Consistency Technique #1: Foot-in-the-Door
This technique is one of my favorites. It’s the “Foot-in-the-Door” technique. Not to be confused, of course, with the “Door-in-the-Face” technique that we talked about before in the section on the reciprocity principle. The two techniques evolved at kind of the same time, and so they adopted similar names, but you’ll see in this case why it has a similar name to the one before, but why it’s different.
The “Foot-in-the-Door” technique is to start off by asking for something small, which most people are going to say “yes” to, and then follow up with a request for something bigger. Contrast this with the Door-in-the-Face technique, which was about starting big and then making a concession and going small.
This is about consistency. You start off by getting them to say “yes” to something, and once they said “yes” once, it’s going to be harder for them to go back and now start saying “no” because then they’d be inconsistent. So, you get your foot in the door with a small request, getting them to say “yes” to something that they’re probably going to say “yes” to, and then following it up with something bigger.
To see how well this can work, consider a classic study where researchers tried to get people to display a big ugly sign on their lawn that said “Drive Carefully” on it (Freedman & Fraser, 1966). This is no small request, and people are probably going to be resistant to this idea if you simply ask them to do it.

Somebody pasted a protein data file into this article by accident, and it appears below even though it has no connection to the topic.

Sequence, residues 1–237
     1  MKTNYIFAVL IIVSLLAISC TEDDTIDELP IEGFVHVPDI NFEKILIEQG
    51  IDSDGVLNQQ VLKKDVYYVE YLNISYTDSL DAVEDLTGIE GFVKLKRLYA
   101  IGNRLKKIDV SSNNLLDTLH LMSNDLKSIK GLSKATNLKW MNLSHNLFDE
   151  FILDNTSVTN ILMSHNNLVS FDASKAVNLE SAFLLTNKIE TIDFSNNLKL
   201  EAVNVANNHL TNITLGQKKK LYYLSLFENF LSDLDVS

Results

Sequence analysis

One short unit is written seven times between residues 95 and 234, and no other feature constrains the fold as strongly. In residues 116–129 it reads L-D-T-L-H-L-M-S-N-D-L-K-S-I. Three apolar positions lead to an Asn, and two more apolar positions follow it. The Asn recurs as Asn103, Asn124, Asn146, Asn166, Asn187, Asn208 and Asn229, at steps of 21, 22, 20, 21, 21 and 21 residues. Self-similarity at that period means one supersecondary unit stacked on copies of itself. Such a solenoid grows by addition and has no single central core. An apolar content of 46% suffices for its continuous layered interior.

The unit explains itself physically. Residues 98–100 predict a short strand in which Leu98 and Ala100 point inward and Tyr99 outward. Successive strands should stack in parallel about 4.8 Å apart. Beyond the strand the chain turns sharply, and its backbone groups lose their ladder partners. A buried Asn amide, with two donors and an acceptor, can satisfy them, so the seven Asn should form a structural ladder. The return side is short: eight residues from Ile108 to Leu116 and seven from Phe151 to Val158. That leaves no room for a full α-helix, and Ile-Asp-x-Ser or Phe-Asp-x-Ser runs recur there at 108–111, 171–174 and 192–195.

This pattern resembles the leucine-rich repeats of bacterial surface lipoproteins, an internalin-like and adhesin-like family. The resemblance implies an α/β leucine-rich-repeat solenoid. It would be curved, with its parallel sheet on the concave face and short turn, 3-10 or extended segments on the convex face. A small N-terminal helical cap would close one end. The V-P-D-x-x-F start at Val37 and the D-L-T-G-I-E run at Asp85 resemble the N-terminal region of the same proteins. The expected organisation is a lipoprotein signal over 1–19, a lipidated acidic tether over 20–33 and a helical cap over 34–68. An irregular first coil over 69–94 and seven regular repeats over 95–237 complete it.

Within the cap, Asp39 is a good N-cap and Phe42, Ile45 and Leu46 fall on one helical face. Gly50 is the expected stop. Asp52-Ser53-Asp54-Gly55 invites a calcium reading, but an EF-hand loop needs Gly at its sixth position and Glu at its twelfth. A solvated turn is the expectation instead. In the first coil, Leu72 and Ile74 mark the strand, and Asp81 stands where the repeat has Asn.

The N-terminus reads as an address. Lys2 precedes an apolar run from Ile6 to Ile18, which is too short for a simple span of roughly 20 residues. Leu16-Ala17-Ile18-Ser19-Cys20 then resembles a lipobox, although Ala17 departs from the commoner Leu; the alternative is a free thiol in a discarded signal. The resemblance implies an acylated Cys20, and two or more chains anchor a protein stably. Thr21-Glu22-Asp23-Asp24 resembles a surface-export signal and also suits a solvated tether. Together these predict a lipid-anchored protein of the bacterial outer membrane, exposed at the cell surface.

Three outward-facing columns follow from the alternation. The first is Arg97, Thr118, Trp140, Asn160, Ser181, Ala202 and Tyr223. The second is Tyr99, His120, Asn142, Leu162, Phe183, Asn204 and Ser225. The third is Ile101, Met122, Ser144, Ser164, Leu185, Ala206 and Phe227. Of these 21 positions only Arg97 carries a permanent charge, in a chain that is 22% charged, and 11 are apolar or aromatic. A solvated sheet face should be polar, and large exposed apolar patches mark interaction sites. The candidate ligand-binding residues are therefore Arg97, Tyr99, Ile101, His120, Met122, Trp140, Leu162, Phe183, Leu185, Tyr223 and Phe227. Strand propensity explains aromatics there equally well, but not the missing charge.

In the study, sometimes researchers went to people’s homes and simply made their request directly: “Would you put this sign on your front lawn?” When this was their only strategy, only 17% of people agreed to put the sign on their lawn.
Other times, though, the researchers used the foot-in-the-door technique. That is, for some of the houses, they first asked for something smaller. They simply asked whether they would display a small “Be a safe driver” sticker on their window or car. This was such a small request that many people agreed to it. One week later, however, the researchers went back and this time asked them to put the lawn sign in front of their house.
Amazingly, for this group of people who were asked to do something small one week earlier, compliance jumped up to 76%. That’s quite a bit better than the 17% who agreed to exactly the same request when there was no prior contact.
So all things put together, try to think of a small request that people are likely to agree to. If you first ask people to do this small thing and later make your bigger request, you may find more people agreeing. In other words, secure initial compliance and then people will be more likely comply later in order to stay consistent with themselves. That’s the Foot-in-the-Door technique!
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